7. Clare and I are weighing up whether Salamanca is the most beautiful location we've ever visited. It's not really possible to compare with something so different as the stunning lakes at Plitvice but it's very similar architecturally to the fairytale Albi and we think it might just have it beaten on the basis that there's more here. It's so pretty that we found even more to photograph on our evening stroll, hence this second blog entry for the same day. Our apartment is placed a two-minute walk away from the southern limit of the old town, and so we decided to venture outside and head towards the Río Tormes, crossing over one of the bridge that spans it. Looking back towards the old town showed the cathedral rising above the skyline. We soon came across another pretty church. Nothing particularly novel in that, except that this one was on the other side of the river. For variety's sake we elected to walk around the outside of the old town instead of going back in the way we came. Not surprisingly, the cathedral loomed over the city walls and the local residences. Unbeknownst to us we'd soon chance upon a convent. We returned home just in time to catch the sight of the sun setting on the cathedral. The sun sets rather quickly here and so before long night had fallen and I went on another stroll armed with my camera whilst Clare went to bed. Salamanca seems equally as beautiful when there's a black sky as when there's a blue one. Our old friend the cathedral is still stunning when viewed from the bridge over the Río Tormes. And it's beautiful up close too. The sight of domes rising above the streets is all the more impressive against the black backdrop. I was spoilt for choice with beautiful photos taken that evening: So, is Salamanca the most beautiful place we've ever been to? On balance, it probably is, but then again we've been fortunate enough to visit many places which challenge it for the crown. We'd certainly be very happy to come back and see it again one day.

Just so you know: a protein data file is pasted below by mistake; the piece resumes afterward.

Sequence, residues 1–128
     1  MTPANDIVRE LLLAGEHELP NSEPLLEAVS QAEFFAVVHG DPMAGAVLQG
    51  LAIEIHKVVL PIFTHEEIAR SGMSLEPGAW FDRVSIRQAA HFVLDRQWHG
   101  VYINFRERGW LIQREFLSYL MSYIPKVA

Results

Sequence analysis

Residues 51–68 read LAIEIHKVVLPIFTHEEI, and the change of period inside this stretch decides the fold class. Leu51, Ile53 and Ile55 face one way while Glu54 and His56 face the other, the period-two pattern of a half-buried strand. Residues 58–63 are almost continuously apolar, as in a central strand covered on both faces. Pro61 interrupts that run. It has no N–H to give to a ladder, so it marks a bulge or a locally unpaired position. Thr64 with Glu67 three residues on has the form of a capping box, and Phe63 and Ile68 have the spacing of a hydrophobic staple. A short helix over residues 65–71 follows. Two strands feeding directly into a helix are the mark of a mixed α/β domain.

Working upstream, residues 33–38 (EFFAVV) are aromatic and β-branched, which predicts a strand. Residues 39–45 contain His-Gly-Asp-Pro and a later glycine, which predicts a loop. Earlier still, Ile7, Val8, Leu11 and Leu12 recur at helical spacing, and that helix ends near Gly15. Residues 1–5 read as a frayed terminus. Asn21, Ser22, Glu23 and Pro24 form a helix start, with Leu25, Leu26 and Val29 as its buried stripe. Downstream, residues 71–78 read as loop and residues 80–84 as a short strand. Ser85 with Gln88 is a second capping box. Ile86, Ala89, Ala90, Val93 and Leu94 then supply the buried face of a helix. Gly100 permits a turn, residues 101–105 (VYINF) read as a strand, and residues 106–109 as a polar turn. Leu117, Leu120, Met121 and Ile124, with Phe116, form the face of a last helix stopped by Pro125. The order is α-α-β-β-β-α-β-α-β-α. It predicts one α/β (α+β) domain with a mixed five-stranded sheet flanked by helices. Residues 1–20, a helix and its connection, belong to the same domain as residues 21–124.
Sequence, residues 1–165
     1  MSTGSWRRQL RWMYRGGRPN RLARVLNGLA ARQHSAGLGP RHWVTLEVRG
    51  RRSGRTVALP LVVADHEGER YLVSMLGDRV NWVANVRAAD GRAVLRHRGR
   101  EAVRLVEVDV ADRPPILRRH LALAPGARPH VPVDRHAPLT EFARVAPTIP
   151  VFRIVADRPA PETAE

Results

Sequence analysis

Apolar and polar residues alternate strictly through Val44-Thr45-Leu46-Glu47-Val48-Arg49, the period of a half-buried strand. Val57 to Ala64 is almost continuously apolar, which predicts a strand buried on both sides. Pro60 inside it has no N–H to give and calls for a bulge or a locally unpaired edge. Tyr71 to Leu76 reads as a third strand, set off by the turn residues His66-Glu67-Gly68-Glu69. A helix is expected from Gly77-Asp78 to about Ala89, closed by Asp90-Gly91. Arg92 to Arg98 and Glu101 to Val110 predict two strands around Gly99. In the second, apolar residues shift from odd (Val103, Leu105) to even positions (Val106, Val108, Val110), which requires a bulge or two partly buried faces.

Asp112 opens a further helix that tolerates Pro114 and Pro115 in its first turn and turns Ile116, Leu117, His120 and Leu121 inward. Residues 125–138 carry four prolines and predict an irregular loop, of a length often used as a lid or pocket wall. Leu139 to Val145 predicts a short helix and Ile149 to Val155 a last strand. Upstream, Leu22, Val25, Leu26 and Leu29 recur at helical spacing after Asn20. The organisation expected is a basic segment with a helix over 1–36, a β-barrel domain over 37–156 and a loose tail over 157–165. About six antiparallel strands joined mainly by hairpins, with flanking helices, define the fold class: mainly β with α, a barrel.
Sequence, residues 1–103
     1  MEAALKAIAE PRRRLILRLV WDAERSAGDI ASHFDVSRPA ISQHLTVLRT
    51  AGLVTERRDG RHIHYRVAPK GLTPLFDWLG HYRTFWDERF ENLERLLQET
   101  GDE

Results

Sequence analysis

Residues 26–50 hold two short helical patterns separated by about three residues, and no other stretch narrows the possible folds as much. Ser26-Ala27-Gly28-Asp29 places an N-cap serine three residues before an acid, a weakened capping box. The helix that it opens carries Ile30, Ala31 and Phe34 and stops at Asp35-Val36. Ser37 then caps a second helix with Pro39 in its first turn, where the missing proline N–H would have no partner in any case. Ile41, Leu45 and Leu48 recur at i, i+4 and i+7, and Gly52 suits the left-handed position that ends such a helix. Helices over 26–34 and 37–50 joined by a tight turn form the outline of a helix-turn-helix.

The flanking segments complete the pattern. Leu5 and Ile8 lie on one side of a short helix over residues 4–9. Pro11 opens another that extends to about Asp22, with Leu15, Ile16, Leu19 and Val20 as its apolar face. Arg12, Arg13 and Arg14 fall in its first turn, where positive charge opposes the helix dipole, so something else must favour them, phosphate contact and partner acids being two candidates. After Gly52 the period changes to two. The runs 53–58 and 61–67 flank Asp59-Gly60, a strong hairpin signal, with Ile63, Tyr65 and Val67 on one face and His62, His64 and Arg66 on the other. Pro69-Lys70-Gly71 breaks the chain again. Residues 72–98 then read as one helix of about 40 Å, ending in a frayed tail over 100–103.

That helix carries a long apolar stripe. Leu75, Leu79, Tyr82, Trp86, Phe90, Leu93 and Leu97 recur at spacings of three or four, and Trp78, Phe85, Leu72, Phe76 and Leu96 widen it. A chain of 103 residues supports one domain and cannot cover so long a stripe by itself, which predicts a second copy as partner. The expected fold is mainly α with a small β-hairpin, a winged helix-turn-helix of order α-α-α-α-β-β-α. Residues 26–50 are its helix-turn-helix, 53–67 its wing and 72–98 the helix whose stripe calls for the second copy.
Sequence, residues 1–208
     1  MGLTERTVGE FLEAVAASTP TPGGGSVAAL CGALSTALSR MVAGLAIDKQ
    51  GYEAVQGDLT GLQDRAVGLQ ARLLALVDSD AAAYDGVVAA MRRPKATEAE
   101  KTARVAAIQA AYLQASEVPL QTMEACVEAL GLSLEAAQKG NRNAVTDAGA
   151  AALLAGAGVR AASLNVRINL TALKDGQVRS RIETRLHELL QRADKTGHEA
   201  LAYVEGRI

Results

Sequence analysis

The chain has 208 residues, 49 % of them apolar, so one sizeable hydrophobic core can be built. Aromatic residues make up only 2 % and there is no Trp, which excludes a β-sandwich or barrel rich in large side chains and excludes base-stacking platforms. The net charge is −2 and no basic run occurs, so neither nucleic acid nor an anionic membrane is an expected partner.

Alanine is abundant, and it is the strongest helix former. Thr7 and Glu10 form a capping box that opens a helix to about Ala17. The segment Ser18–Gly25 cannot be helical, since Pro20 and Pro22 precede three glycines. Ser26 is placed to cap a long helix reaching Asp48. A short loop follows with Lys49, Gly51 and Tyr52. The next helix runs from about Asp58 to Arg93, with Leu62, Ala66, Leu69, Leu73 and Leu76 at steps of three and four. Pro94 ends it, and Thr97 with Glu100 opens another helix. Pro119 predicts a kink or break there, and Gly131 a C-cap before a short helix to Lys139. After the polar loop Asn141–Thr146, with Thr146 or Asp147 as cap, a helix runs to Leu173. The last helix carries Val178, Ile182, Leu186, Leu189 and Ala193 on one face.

8. When we woke up this morning, our first task was to find somewhere to have breakfast in Santa Cruz. As we were walking around the town, we were able to admire the flowers displays which it had been a bit too dark to appreciate last night. We hadn't realised that there were poinsettias growing in the street! They were really beautiful, especially these light pink ones! After breakfast we checked out of the hotel and went to retrieve the car from the nearby car park. Soon we were on our way, discovering that it isn't a whole lot easier to drive out of Santa Cruz than it is to drive into it We went around in circles for a while, before eventually finding the road we were looking for towards the Anaga national park. The Anaga national park is a mountainous region in the far north of the island. The road towards it twisted and turned quite a lot, but it seemed quite tame in comparison to the road to Masca yesterday! We were driving towards a viewpoint called Cruz del Carmen, where there was supposed to be a visitor centre with a car park. When we arrived, however, we found that it was a very popular destination and the car park was already full It seemed a shame to drive all this way and miss the view, so Tim drove around for a while and eventually managed to find a roadside where we were able to safely park the car, then walk back up the road towards Cruz del Carmen. We had to walk quite steeply uphill for a while, but when we finally got to the viewpoint it was definitely worth it In the background we had a clear view of our main destination of the day; the Teide volcano. It was a really pretty location, although a little bit breezy After admiring the view for a while, we walked back down to the rental car. We were rather alarmed when, turning the corner towards it, it looked like we'd somehow managed to bash in the front lefthand corner of the vehicle Luckily, once we got a bit closer we were able to see that the car was absolutely fine and it was just the angle we'd been looking at it, combined with the slightly weird design of the front of the car, which made it look like it had been crashed We set off on the road towards Teide. It turned out to be a beautiful road, which took us gradually uphill towards the volcano, initially travelling through a very forested part of the island. Once we had climbed to above 1000m, we were able to stop the car at the first of many viewpoints and look out over where we'd come from. The cloud was quite low, so we could only just about make out the sea. We followed the road further up the mountain. Next time we stopped at a viewpoint we were a lot higher, and the view was a lot clearer I have to admit that I had vertigo at this viewpoint and didn't want to get out of the car Off we went again. It was a good job that we had the car, because there was a lot of uphill to do. Teide itself is enormous, with a summit at 3,718m making it the highest mountain in Spain. The road that we were following climbs to around 2,300m on the side of the volcano. The higher we went, the rockier the landscape became. Soon we were above the tree line... ...and it really did begin to look volcanic! Next time we parked up, Tim caught sight of some rather striking rock formations. Wow, you definitely don't see landscapes like these every day By the next time we stopped, the ground had turned red. It was really unusual! If we'd been here a bit longer, it looked like there were various trails you could follow from this point to explore the area on foot. We were on a schedule though, so we needed to keep travelling up. As we got higher, some of the rocks looked quite menacing.... ...and then we got to a viewpoint where the ground looked almost sandy! It wouldn't be hard to imagine this was the surface of the moon As we got closer to the highest point of the road, the weather began to take a turn for the worse. The summit of the volcano was shrouded in cloud and it rained quite heavily for a while. In good weather there is a cable car which leaves from here and goes almost all the way to the top of the volcano, so we may have to come back another time and try that For today, we just had time to visit a couple more viewpoints and admire our surreal surroundings. We parked the car to admire a particularly striking rock formation, and were slightly surprised when a guy walked over to us and said hello to us in English. It turned out that he had been on the same flight as us the previous day (and annoyed by the same other passengers!). He'd then followed almost the same itinerary on the island as us and said that he'd kept pulling up behind us at viewpoints us all day. Even more of a coincidence was the fact that he has also just come to Tenerife for the weekend and is flying back tonight. So at least we know that we are not the only people crazy enough to come all this way for a weekend And he was nice enough to take a picture of us together at the rocks From there, it was time to start travelling back downhill towards the southern coast and the airport. The countryside soon became a lot flatter, and it wasn't long before we were close by the sea again. All that remained was to hand the rental car back in and wait at the airport for our long flight home. Happily there has been good wi-fi at the airport, so I've been able to do this blog. Overall it's been a tiring weekend, but a very exciting one I can't pretend that Tenerife is somewhere I've always dreamed of visiting, but it has definitely surpassed my expectations and we've had a really good time Who knows, we may even be back some day!